Revolt of 1857: First War of Independence

By Karishma Singh|Updated : September 4th, 2022

Social Studies is an important section in Paper 2 for CTET, UPTET, State TET, and other teaching exams as well. Social studies are the main subject in which a total of 60 questions comprise 60 marks. In the Social Studies section, various subjects are included i.e., History, Geography, Economics, Political Science and Social Studies Pedagogy.

40 questions are covered from the subject contents and the rest 20 questions have come from the Pedagogy part. Here we are providing the Social Studies Study notes on the Revolt of 1875 topic. This is an important topic in the Social Studies section in CTET, UPTET, HTET, REET and Other TET Exams. Read here the Revolt of 1875, Social Studies Study Material.

The revolt of the 1857 event in Indian History was an important landmark. It is also known as the "first war of Independence". In this article, we are sharing you with complete notes on the Revolt of 1857 in Hindi & English.

Revolt of 1857: Causes, Leaders

Nature of the revolt

  • The revolt of 1857 began as a revolt of the sepoys but eventually secured the participation of the masses.
  • V.D. Savarkar called the 1857 revolt the First War of Indian Independence.
  • Dr S.N. Sen describes it as "having begun as a fight for religion but ended as a war of independence."
  • Dr R.C. Majumdar considers it as neither the first, nor national, nor a war of independence.
  • As per some British historians, it was just a peasant sepoy mutiny.

Causes of the Revolt


  1. Highly unpopular revenue settlement
  2. Heavy taxation – causing peasants to go for a loan from moneylenders at usurious prices
  3. British policy discouraged Indian handicrafts which were not accompanied by the development of modern industries
  4. Excessive interference by Britishers: loss of status for Zamindars


  1. Subsidiary Alliance – of Lord Wellesley
  2. The doctrine of Lapse – of Lord Dalhousie
  3. Religious Disabilities Act, 1856 –change in religion would not debar a child to inherit property


  1. Rampant corruption in the Company's administration – especially at a lower level (police, petty officials)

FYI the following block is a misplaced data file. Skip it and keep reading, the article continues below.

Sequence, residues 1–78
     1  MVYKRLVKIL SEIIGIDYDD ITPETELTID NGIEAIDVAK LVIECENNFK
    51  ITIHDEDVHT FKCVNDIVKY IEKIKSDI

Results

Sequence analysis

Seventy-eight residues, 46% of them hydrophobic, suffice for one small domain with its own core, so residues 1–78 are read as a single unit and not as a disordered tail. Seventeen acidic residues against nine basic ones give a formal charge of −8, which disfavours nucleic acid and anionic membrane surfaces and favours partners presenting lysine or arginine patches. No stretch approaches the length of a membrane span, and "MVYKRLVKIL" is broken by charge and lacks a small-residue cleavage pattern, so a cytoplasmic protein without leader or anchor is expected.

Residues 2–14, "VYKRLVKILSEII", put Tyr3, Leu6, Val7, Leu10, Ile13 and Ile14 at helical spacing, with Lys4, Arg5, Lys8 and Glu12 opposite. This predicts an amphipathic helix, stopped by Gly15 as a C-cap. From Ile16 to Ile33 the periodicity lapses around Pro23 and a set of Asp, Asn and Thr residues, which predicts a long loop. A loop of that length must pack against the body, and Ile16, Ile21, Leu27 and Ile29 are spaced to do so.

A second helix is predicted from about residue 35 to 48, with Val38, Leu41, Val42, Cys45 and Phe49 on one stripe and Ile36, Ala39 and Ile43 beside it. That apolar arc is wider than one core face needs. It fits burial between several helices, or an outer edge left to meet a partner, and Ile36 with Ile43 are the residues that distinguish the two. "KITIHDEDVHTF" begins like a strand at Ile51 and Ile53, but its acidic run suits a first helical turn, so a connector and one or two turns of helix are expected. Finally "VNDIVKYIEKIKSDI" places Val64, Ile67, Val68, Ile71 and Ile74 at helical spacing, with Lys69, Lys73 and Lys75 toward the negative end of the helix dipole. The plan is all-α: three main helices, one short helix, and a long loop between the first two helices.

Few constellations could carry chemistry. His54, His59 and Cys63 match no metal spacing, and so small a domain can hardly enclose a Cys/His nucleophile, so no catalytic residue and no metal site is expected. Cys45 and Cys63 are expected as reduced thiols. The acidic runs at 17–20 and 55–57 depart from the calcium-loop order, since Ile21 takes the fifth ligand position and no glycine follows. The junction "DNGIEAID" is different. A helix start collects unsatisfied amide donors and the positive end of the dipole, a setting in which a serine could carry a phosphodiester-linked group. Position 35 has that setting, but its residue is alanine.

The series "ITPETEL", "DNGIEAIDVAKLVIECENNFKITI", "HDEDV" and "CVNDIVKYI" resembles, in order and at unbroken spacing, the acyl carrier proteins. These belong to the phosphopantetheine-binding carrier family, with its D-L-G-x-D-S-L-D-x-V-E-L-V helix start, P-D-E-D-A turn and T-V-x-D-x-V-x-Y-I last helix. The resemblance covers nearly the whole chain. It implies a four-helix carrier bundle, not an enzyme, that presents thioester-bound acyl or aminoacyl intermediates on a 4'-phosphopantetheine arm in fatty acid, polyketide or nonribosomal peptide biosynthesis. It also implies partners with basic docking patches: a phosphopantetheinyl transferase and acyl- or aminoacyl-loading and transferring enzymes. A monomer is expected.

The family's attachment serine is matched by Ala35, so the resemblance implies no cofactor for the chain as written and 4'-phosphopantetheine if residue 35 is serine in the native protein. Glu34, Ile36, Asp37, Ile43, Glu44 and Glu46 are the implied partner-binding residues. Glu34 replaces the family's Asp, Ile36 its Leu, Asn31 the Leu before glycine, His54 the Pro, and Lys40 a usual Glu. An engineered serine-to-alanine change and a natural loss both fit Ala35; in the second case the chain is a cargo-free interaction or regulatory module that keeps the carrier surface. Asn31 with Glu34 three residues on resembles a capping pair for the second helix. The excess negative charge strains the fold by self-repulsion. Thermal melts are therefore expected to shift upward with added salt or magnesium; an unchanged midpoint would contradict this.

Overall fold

2. No focus on Indian development


  1. Britisher’s attitude of superiority
  2. Activities of Christian missionaries
  3. The attempts at socio-religious reform such as the abolition of Sati, support to widow-remarriage
    and women's education
  4. To tax mosque and temple lands


  1. General Service Enlistment Act – decreed future recruits to serve anywhere even beyond seas.
  2. Inferior emoluments compared to his British counterpart.
  3. News of mixing of bone dust in wheat flours
  4. The cartridge of the Enfield rifle was made of beef and pork fat


  1. First Afghan War (1838-42)
  2. Punjab Wars (1845-49
  3. Crimean Wars (1854-56)
  4. Santhal rebellion (1855-57)

Important facts of the Revolt

  • Meerut incident - 19th Berhampur Native Infantry refused to use the newly introduced Enfield rifle and mutiny broke out in February 1857, later dissolved in March 1857.
  • The 34th Native Infantry's young sepoy, Mangal Pandey, fired at his unit's sergeant major at Barrackpore.
  • The 7th Awadh Regiment was also disbanded
  • Meerut rose to revolt on May 10, they released their imprisoned comrades, killed their officers and moved to Delhi after sunset. 
  • Delhi- Centre of the Great Revolt

Leaders of the Revolt

  • At Delhi, the symbolic leadership was to the Mughal emperor, Bahadur Shah, but the real command was led by General Bakht Khan.
  • Kanpur rose under Nana Saheb, Tantia Tope, and Azimullah Khan. Sir Hugh Wheeler, commanding the station, surrendered. Nan Saheb declared himself the Peshwa and Bahadhur Shah as Emperor of India
  • Begum Hazrat Mahal took over the reign of Lucknow and Birjis Qadir, her son, was declared Nawab. Henry Lawrence, the British resident, was killed. The remaining Europeans were evacuated by Sir Colin Campbell, the new commander-in-chief.
  • At Bareilly, Khan Bahadur, in Bihar, Kunwar Singh, Zamindar of Jagdishpur and Maulvi Ahmadullah of Faizabad led the revolt at their respective places.
  • Rani Laxmibai, the most outstanding leader of the revolt, was driven out of Jhansi with the application of Lapse's Doctrine as Lord Dalhousie, the Governor-General refused to allow her adopted son to succeed to the throne.

Suppression of the revolt

  • On September 20, 1857, the British captured Delhi. John Nicholson the leader of the siege, succumbed to injuries later.
  • Bahadur Shah was taken prisoner and exiled to Rangoon where he died in 1862. Royal princes were publicly shot point-blank by Lieutenant Hudson. With the fall of Delhi, one by one all local revolts were suppressed.
  • Sir Colin Campbell recaptured Kanpur and Lucknow.
  • At Benaras, a rebellion was mercilessly suppressed, by Colonel Neil.

Causes of Failure of the Revolt

  • Bahadur Shah has gone old and weak, so unable to lead the revolt.
  • Limited territorial spread
  • Most parts of India remained more or less unaffected.
  • Many Big zamindars supported Britishers.
  • Modern educated Indians viewed the revolt as backwards-looking
  • The Indian soldiers were poorly equipped materially.
  • The revolt was poorly organized with no central leadership or coordination.
  • The revolt lacked a clear understanding of British rule and was poorly prepared.


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